Uncovering the Dreamquest Beast

(For fans and friends voting in the Critters Readers Poll, you can scroll down to instructions at the bottom of the post)

Discover the story behind the strange obsession of Camelot’s strangest knight.

Two volumes of “Camelot vs. Cthulhu?”
You know you want it.

As an author, the two things I hang my proverbial hat on are Arthurian mythology (via my Bel Nemeton series) and Mythos-infused historical fiction. So, when 18th Wall Productions put out a call for “Camelot vs. Cthulhu” stories for an upcoming anthology, I knew I had to be involved.

As it turns out, 18th Wall got so many quality submissions that the resulting anthology, Shadows Over Avalon, encompasses two volumes, both edited by the ever superb Nicole Petit. Volume I focus on tales of traditional Lovecraftian cosmic horror, and it’s filled with names who do not disappoint, such as Simon Bucher-Jones, Edward Erdelac, and Josh Reynolds. Volume II channels Lovecraft’s other side, stories of shifting perceptions and realities, fantastical journeys, and dreams. There, you will find my novella “The Dreamquest Beast” along with stories by worthy authors such as Georgia Cook, Kara Dennison, Lukasz Furmaniak, Sophie Iles, and C.L. Werner.

“The Dreamquest Beast” is a non-canonical story set in my Bel Nemeton universe (leading my beloved wife to observe “So, you’re writing your own fanfic now?”).

Taking place a generation before the start of Bel Nemeton, when Arthur is an infant and Merlin still known as “The Wanderer,” northern Britain bakes under an unending drought unlike any in memory. As brave warriors and shield maidens take up the quest to discover what afflicts the land and set matters to right, the would-be champions invariably fail and fall. After the quest claims his much loved older brother, Prince Pelinyr (or “Pellinore” in more contemporary renderings) of Damnonia becomes the unlucky 13th to take up the challenge.

“So, you’re writing your own fanfic now?”

My wife (who, and I say this not only because it’s true but also because she may be reading this, is my biggest fan)

On the surface an unlikely hero, Pelinyr has all his life been plagued by nightmares and strange occurrences surrounding his dreams. In this desperate endeavor, he is joined by his friends: the gregarious Prince Cynfarch of Gorre, the clever Prince Tuadel of Alclud, and Jana, Pelinyr’s childhood playmate, now a shunned sorcerer and seer haunting a cursed Roman amphitheater. Together, the four will cross the wild frontier into the kingdoms of the dreaded Saxons before descending through a black tower without name or builder into the land of dreams themselves.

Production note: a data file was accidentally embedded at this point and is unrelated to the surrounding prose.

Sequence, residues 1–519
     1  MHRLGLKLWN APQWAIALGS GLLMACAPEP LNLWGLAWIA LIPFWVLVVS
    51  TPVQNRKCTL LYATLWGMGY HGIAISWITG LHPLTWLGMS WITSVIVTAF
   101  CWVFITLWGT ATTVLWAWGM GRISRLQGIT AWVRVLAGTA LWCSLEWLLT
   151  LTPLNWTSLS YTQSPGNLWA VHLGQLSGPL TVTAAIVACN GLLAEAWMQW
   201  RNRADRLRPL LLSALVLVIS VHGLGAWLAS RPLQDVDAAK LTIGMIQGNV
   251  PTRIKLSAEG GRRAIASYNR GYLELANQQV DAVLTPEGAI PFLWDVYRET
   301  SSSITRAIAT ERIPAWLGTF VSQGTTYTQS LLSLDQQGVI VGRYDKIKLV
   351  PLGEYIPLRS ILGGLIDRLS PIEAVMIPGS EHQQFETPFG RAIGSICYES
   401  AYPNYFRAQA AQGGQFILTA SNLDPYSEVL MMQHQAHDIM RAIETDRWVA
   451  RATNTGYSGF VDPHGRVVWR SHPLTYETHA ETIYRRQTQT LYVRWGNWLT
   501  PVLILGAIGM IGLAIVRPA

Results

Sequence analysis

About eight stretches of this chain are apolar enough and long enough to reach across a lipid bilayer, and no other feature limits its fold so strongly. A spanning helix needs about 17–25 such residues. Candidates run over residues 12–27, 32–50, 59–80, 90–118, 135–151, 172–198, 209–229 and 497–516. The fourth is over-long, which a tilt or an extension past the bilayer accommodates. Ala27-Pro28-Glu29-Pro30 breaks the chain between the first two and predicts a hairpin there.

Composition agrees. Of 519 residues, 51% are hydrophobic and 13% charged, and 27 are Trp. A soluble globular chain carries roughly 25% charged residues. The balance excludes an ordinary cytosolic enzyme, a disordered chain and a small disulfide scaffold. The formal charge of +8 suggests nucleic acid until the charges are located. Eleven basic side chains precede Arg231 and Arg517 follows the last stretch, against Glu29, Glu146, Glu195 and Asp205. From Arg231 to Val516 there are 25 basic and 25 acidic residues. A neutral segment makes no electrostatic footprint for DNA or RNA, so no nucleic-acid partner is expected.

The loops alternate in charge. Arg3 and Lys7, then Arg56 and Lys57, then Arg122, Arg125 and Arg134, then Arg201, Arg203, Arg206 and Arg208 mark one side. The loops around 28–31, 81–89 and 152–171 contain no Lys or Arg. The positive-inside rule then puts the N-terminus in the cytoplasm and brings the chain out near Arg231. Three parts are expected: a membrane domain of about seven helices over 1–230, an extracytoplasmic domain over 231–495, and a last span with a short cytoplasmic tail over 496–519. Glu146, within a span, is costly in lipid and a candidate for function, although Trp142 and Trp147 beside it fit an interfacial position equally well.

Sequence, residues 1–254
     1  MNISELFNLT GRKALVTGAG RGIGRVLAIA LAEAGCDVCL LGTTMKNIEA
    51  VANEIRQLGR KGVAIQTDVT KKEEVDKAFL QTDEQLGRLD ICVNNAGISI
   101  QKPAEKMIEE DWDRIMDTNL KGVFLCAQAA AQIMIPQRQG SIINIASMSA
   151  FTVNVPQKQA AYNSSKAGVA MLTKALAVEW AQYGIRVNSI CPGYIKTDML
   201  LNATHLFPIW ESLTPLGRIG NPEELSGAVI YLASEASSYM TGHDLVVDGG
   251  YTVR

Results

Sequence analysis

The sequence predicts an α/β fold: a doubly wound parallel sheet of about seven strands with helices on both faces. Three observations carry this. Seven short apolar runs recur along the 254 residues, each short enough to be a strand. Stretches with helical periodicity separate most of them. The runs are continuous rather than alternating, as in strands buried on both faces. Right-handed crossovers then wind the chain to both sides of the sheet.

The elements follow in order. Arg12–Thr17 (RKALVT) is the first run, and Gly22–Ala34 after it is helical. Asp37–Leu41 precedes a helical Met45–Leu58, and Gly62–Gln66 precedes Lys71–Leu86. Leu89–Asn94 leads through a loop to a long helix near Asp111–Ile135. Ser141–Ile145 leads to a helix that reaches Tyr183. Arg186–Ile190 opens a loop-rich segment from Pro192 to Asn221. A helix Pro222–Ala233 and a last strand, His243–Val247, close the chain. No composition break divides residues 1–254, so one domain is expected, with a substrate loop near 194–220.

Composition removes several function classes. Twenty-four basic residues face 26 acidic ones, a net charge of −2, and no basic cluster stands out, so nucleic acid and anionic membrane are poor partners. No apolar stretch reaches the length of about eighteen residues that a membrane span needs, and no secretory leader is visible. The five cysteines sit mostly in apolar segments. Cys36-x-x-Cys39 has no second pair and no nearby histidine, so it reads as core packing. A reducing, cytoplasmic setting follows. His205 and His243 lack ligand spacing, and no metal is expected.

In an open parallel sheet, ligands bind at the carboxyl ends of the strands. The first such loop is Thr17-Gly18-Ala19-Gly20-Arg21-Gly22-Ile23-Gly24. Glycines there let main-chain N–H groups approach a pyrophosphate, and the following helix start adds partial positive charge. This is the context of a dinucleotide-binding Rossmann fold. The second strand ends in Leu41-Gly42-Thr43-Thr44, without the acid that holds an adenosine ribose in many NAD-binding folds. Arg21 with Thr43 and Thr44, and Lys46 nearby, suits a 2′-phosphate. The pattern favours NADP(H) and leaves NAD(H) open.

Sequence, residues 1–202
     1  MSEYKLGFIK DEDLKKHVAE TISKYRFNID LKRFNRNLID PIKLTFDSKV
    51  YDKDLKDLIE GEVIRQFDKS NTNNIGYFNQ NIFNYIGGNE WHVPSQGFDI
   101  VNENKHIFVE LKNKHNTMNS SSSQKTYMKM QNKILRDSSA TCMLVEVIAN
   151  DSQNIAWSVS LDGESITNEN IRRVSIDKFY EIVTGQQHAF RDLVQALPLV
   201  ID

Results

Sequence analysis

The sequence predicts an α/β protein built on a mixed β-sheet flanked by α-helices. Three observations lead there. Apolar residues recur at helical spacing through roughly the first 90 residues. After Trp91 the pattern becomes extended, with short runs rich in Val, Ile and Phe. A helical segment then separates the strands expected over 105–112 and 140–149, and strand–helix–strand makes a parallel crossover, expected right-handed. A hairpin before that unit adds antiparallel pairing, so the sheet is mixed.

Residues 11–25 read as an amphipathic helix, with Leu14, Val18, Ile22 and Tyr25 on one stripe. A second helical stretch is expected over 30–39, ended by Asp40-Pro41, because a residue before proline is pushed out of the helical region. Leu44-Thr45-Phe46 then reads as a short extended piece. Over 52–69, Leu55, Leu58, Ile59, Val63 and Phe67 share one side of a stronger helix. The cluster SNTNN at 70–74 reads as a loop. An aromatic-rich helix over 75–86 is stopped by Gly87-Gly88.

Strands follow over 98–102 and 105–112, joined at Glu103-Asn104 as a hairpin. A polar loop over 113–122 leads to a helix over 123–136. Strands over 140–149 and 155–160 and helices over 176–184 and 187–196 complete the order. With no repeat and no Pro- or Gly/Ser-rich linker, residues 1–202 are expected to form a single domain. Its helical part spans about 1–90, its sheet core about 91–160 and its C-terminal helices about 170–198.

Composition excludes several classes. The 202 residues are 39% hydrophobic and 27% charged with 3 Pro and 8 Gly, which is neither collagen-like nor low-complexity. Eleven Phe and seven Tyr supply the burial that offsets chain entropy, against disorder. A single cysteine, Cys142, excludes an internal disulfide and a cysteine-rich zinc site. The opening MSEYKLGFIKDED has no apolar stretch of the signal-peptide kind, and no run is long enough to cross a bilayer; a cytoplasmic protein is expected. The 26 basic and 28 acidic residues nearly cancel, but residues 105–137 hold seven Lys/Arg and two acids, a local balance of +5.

Once in the Dreamlands, the challenges and dangers only grow. The company will meet gods, battle monsters, take caravans into deadly jungles and endless deserts, pour over tablets written in unearthly tongues, and solve riddles that are a matter of life of death for the companions and for millions back in the waking world.

The Questing Beast drinks from a river (perhaps the good, strong Adamandara) – illustration by Arthur Rackham (1917)

Pelinyr has always been one of my favorite members of the Round Table as well as, to me, one of the most fascinating. Along with Galahad and Percival, he is one of the knights that is “touched” in a way Arthuriana usually reserves for its Druids/Magicians/Whatever you want to call them. For Galahad and Percival, that mania is clearly religious in nature. With Pelinyr, however, its source is never clearly defined. Certainly, it seems to be connected with the “Questing Beast,” the strange creature which he is sworn to follow but which only he can see – but whether the beast is a cause or effect of Pelinyr’s madness is unknown.

This characterization of Pelinyr is surprisingly consistent throughout Arthuriana: from Malory’s Le Morte d’Arthur, where it is implied he is afflicted by his relation to the Fisher King, to the eccentric and slightly senile figure of T.E. White’s Once and Future King.

This aspect of Pelinyr has been incorporated into my Bel Nemeton series. Pelinyr is a minor yet significant figure in the second book, Caledfwlch. The book opens with a friendly duel between Arthur and Pelinyr, as Merlin looks on and frets about Pelinyr’s instability manifesting during the combat. And Caledflwch ends with, in a fit of inspiration, Pelinyr being the one who finds the true name of Arthur’s new blade and becoming the first significant British noble to pledge fealty to Arthur.